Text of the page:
Vitality To Your Vitamins

Whether you pop it in a pill, inject it, chew it or sprinkle it on your cereal, vitamins are becoming increasingly popular. A recent study by Niina Savikko reported a significant increase in the use of vitamins and fish oils within the last ten years, particularly for vitamin D and calcium (1). She also identified the use of vitamins was no longer directly associated with personal levels of education.

Yet despite the population becoming supplemental savvy, do people actually know how to take their vitamins to ensure maximum absorption and efficacy?

Vitamins A,D,E and K are known as ‘fat soluble’ vitamins. Therefore they require a fat medium to be absorbed into the intestine. Taking multivitamins with a source of dietary fat is therefore beneficial, if not necessary, for absorption. For someone delaying breakfast, provided they have no contraindications, fish oil would be a suitable source of fat to marry with the ingestion of a regular multivitamin.

Fish Oils

Fish oils have an extensive list of health benefits including improved cardiovascular health(2) (initiation of fish oil supplements was associated with a 48% reduction in 2-year mortality(3) in patients post heart attack in a 2013 study) along with improving skin and joint function, delaying cognitive decline and improving vision. Fish oils containing DHA and EPA are the most extensively studied with significant scientific data surrounding them. Vegetarians can enjoy these supplements in Algae pills rather than the typical fish oil.

Maximum Efficiency

Many doctors also recommend splitting a multivitamin into 2 divided doses, taking half in the morning and a half at night. ‘Your body can only absorb so any vitamins at one given time’ Dr Oz of the Dr Oz show. Vitamins such as B and C are water soluble which is more easily absorbed by the body than fat-soluble vitamins, though there is little capacity to store them(4). Taking vitamins in low doses on a frequent, regular, basis maintains their levels throughout the day and hence prevents deficiency.

"At Risk" Groups

Caution with vitamin supplementation in children, pregnant and nursing mothers or anyone undergoing chemotherapy. Despite these groups being in need, more than anyone, for optimal health and nutrient loading, there has been little research done on these population subgroups. Dietary selection of fresh fruit and vegetables are therefore of utmost importance.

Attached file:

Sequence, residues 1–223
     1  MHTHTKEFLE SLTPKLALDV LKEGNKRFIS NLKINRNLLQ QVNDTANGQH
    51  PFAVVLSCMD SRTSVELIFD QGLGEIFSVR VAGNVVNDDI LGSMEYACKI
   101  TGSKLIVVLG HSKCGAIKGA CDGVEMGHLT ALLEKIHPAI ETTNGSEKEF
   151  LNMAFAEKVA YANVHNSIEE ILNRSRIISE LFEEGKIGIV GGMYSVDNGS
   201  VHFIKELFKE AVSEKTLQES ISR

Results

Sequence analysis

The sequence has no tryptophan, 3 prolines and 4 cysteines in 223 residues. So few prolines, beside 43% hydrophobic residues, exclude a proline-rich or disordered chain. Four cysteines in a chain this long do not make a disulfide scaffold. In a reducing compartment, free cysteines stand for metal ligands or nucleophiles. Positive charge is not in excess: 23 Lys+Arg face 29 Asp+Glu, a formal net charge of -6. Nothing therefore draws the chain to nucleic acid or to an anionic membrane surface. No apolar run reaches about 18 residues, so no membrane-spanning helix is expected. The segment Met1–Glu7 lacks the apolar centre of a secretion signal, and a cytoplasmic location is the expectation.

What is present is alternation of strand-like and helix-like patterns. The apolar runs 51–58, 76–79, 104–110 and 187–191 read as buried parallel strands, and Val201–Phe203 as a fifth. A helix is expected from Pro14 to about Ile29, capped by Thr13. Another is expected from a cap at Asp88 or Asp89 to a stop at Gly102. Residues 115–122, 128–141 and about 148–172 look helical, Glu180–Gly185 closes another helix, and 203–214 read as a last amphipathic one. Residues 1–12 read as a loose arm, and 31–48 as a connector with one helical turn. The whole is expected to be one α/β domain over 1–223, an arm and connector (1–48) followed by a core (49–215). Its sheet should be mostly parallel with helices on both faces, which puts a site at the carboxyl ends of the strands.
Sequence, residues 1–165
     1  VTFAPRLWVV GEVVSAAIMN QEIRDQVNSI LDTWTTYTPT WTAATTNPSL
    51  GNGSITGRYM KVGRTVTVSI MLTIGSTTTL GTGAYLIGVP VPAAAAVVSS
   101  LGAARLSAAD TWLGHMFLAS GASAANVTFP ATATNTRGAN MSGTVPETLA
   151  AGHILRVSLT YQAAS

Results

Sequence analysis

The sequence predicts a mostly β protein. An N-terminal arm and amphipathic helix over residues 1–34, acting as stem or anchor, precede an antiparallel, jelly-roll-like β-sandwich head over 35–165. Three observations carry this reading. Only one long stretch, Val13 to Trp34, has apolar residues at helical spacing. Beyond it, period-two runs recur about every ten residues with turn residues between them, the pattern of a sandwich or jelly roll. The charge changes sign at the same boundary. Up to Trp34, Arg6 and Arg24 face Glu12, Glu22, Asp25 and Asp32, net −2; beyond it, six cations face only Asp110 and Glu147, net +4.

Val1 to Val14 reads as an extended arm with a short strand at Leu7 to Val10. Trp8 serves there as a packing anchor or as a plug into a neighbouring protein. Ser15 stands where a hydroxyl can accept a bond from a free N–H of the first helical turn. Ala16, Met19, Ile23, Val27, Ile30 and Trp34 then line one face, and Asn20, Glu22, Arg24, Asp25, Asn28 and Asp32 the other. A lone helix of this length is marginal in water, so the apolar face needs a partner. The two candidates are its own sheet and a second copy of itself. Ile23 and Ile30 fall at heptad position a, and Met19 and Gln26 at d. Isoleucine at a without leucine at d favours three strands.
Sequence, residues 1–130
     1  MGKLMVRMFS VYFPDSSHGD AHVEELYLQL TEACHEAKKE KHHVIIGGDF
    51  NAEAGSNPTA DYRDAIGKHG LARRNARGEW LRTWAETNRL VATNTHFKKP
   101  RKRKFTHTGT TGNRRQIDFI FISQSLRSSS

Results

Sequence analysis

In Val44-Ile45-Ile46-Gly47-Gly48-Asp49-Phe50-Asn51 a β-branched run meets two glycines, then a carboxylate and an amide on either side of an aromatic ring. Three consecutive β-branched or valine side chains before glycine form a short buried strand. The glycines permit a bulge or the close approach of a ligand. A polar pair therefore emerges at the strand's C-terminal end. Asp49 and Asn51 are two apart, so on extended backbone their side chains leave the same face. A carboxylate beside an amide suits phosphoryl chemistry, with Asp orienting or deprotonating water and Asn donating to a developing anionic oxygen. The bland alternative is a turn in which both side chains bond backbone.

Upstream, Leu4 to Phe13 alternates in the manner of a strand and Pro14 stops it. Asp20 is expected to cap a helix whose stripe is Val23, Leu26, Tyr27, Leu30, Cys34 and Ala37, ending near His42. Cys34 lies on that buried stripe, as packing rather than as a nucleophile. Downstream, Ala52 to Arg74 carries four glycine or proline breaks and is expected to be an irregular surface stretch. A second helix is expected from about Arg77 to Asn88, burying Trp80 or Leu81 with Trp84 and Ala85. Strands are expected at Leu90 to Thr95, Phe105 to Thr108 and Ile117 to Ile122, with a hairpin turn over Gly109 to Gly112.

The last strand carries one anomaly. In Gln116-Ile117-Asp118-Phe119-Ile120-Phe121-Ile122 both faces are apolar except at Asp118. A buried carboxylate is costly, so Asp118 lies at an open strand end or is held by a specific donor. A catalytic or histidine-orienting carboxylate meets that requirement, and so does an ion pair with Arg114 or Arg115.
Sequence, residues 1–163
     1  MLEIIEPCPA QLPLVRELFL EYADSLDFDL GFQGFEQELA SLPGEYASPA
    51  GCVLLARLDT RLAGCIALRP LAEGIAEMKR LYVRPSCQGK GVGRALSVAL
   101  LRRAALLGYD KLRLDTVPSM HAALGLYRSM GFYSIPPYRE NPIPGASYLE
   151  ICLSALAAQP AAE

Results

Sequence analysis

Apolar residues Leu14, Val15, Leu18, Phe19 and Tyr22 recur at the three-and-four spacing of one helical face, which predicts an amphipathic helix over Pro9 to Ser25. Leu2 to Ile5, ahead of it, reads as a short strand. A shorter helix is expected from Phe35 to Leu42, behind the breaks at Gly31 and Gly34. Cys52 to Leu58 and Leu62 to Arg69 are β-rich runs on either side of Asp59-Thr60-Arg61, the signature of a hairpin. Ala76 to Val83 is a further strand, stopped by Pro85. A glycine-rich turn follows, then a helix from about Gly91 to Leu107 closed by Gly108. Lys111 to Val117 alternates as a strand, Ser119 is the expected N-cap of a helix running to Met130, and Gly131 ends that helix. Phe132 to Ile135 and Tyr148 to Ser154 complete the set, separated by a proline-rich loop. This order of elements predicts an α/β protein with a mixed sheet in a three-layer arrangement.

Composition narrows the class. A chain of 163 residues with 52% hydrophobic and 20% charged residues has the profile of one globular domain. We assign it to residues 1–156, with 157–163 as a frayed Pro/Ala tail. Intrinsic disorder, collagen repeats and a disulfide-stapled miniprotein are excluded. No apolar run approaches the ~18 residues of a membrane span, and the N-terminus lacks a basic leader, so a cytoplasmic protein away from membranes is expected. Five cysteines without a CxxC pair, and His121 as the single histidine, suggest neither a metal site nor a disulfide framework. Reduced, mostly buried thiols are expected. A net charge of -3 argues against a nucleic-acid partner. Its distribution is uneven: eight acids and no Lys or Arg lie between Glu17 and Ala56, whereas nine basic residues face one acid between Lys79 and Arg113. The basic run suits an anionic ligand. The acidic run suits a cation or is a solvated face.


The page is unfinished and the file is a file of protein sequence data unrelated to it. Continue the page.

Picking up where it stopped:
Use Alongside a Good Diet

Those outside the ‘at risk’ subgroups should also not forget their dietary duties to fresh, organic produce. Despite ongoing emerging data and increasing population compliance with vitamins and fish oil supplementation tablets will never replace a good wholesome diet.

‘When you step back and look at medications as chemical modifiers of cellular processes in complex biological systems like our body, it’s easy to understand that health comes not from pills.’ Dr John Mandrola.

There is little doubt, however, that they do at least help.

Dr Jenna Burton, aesthetic physician, medical writer and health presenter. Involved in population health promotion, primarily focusing on education surrounding eating disorders.


1. Savikko N, Pitkälä KH, Laurila JV, Suominen MH, Tilvis RS, Kautiainen H, Strandberg TE, (Helsinki) ‘Secular trends in the use of vitamins, minerals and fish oil products in two cohorts of community-dwelling older people in helsinki-population-based surveys in 1999 and 2009.’ J.Nurt Health Aging 2014.

2. Yosefy C, Viskoper JR, Laszt A, et al. ‘The effect of fish oil on hypertension, plasma lipids and hemostasis in hypertensive, obese, dyslipidemic patients with and without diabetes mellitus. Prostaglandins Leukot Essent Fatty Acids’ 1999

3. William Haris; Kevin F. Kennedy; Philip G. Jones; Thomas M. Maddox; John A. Spertus, ‘Fish oil supplementation in post-myocardial infarction patients in the triumph study: Defining characteristics and relations with a two-year mortality.’ Journal of the Americal College of Cardiology. 2013 ( (Page 1, date accessed 8/9/14)

4. L. Bellows, R.Moore, ‘Water Soluble Vitamins, B-Complex and Vitamin C.’ Colorado, 2014, ( (page 1, accessed 8/9/14)

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